This is how my father teaches me to reconcile.
I light my candle, then I watch it glow among all the rest, making light in the darkness of the shrine. I look to the statue of the Virgen, her palms facing up into the blue hue of the nicho she stands in. I am not convinced she can hear my Hail Mary. I am not sure she can hear any of us at all. Maybe she is asleep with her eyes open, I think. Maybe she is too tired to listen to our repetitions. Or maybe she isn’t there just for us. Instead, she might be there just like us, waiting on God, like a hostess with a holy plate of food and napkin ready on the table, waiting to serve Him.
The mission is my favorite place to go to church because our repeated prayers, though clunky and absent-minded, are always sealed with a meal at the frybread stands.
My father calls them popovers. He is often demanding of servers in restaurants, but never with the Tohono O’odham ladies in front of the mission, the ones who stand all morning long wrapped in aprons, their hands waving over cauldrons of oil, their palms turning dough over and over. They say Padre Kino was the one to bring the wheat—both a blessing and a curse—to the Indians. Either way, my father couldn’t be happier. The expectation of frybread is one of the only things keeping him from chatting with everyone around him like he usually does in town. In line for popovers, he is more restrained, quieter. For him, this dough bubbling and glistening gold is sanctified. When we bite into the bread, we are baptized by the honey slithering down our fingers, down to our elbows.
This is how my father teaches me communion.
Popovers covered in powdered sugar or chile colorado, nesting in their paper plates in front of the mission--this is the kind of eating that helps me remember Jesus on the cross and Mary with her sorrows. My father makes sure that popovers will remind me of someone else’s sacrifice–of the blood, thorns, and tears painted on the walls and carved into rocks.
“The Indians,” my father said, “are smart putting this food right under our noses.” And I imagine it is more than being smart. It is more than survival. It is like making water into wine. And it happens every weekend.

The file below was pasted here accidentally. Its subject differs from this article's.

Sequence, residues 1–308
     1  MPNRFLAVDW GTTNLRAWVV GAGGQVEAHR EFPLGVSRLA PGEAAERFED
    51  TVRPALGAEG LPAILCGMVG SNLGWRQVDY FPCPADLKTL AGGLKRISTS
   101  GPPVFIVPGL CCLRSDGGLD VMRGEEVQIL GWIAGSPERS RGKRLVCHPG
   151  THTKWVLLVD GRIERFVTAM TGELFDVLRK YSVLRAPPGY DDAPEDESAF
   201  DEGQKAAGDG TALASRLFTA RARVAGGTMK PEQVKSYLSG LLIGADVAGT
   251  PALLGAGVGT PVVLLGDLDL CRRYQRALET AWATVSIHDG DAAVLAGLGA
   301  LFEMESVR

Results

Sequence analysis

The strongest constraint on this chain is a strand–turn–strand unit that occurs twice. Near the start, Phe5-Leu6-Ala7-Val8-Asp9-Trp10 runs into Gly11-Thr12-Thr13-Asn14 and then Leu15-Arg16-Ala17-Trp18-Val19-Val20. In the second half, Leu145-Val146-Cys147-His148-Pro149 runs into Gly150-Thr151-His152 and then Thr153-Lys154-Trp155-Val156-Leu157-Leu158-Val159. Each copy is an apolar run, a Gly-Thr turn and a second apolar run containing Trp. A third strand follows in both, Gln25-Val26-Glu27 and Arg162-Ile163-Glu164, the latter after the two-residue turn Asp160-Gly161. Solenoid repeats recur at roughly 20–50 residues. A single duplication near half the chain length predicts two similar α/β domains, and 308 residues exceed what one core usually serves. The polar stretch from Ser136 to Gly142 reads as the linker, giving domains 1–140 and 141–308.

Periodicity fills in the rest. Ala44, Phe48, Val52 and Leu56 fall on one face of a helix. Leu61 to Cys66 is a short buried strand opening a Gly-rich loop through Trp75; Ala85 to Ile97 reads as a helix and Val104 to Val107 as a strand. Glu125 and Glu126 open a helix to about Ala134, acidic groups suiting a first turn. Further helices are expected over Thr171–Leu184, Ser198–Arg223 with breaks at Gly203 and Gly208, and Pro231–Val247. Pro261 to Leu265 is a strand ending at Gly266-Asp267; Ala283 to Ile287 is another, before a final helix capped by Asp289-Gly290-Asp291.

When I am a teenager, my father will walk from Nogales to Magdalena, Mexico to make a manda. At the end of his pilgrimage, he will see where they keep Padre Kino’s bones after the priest succumbed to fever, was buried, or hidden, underneath the floor of the chapel at Magdalena. In the ruins of Kino’s frame and bronze image is a message of Christ and bread.
But Ricky and I never make a manda. We never see Kino's grave. We only see him on our drives back and forth in the desert, when my father points him out on the side of the road, a bronze statue of a man, robed and horse-bound with his hand on his heart. My father can’t cross the street without remarking on it, the same way he has to make the sign of the cross every time we pass a church.
I look at my father looking at Padre Kino who looks at the sky. And I wonder about how things will end. When we are gone, will there be little statues of us too? Or will we be buried and hidden like Kino’s remains?
Under the saguaro rib ramada at the mission, I imagine us all being pulled and cut, smashed and smoothed out in a Sonoran desert sculpture garden. First a belonging, then a missing part. I begin to feel uneasy on the gravel rocks. Just when I think I know where I come from, I am ground up again. Bucked off my bronze horse. Bones on display for all to see. I don’t feel like I’m from here, I tell myself. I stare at my half-eaten popover and squeeze it tight so that the wind doesn’t take it away.